“[W]hat he was frightened of was robbery, that this [money] was going to be taken from him by force, and the measure of the force can be taken from his reaction to it. The prosecution suggest that if he is prepared to get out of a moving car, then it was a very serious threat involving him in the risk of, as he saw it, serious injury.”
And so when reaching a verdict, the jury held that two of the men were guilty of manslaughter, with the appellant found to have been the one threatening the victim shortly before his death, a decision which was challenged in the Court of Appeal on grounds of misdirection and lack of causation between the actual threat and subsequent death.
Here the court turned to R v Roberts, in which the Court of Appeal had held that:
“[I]f of course the victim does something so “daft,” in the words of the appellant in this case, or so unexpected, not that this particular assailant did not actually foresee it but that no reasonable man could be expected to foresee it, then it is only in a very remote and unreal sense a consequence of his assault, it is really occasioned by a voluntary act on the part of the victim which could not reasonably be foreseen and which breaks the chain of causation between the assault and the harm or injury.”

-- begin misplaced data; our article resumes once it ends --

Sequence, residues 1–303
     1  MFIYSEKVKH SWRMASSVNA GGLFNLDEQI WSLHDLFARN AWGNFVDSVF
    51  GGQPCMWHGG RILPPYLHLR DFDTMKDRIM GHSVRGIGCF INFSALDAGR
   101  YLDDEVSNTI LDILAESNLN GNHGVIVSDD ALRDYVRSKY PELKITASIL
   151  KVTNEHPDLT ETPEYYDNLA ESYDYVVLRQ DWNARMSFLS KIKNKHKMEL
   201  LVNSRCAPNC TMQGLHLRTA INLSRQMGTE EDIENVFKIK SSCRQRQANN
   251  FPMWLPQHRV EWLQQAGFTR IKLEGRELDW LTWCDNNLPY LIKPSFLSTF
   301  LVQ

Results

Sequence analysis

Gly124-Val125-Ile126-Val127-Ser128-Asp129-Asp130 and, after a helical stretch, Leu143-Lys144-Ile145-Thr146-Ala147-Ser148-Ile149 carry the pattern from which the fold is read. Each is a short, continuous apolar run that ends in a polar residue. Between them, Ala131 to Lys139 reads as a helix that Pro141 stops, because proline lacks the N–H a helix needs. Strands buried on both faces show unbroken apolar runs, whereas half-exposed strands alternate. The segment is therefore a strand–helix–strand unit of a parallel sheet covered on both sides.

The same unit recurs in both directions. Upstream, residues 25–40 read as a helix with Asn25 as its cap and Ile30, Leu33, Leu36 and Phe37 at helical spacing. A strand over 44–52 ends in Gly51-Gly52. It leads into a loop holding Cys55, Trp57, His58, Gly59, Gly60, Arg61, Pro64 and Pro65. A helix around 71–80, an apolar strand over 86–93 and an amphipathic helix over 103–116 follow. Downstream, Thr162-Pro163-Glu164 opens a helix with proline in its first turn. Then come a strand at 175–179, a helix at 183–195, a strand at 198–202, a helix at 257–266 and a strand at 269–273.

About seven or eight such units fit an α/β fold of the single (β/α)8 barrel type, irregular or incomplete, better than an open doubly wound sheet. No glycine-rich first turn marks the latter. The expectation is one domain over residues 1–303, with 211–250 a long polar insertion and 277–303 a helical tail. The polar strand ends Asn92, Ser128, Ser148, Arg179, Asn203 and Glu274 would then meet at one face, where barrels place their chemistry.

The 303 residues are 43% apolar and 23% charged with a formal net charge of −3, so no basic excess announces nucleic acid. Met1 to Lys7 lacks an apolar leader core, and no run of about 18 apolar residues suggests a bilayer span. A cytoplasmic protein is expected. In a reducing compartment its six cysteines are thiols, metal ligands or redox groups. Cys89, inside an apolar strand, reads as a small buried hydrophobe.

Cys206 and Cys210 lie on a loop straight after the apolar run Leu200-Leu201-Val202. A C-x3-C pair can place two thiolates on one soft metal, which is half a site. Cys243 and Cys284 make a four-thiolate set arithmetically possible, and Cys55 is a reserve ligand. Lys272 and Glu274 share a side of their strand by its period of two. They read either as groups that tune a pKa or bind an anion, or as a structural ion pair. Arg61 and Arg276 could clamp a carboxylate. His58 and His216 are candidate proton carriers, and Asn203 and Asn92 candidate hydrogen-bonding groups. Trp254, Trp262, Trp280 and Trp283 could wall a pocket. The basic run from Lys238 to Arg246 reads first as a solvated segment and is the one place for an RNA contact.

While in R v Mackie, the court had further held that:
“Where the injuries are fatal, the [escape] attempt must be the natural consequence of an unlawful act and that unlawful act ‘must be such as all sober and reasonable people would inevitably recognise must subject the other person to, at least, the risk of some harm resulting therefrom, albeit not serious harm’….”
A fact that on this occasion, was far from proven, but instead relied upon the urgency of the judge when directing the jury. This translated that the court was unable to sustain the previous verdict of either count, as neither robbery nor manslaughter had been proven beyond any reasonable doubt, therefore the appeal was allowed in full, while the court held that in matters of manslaughter: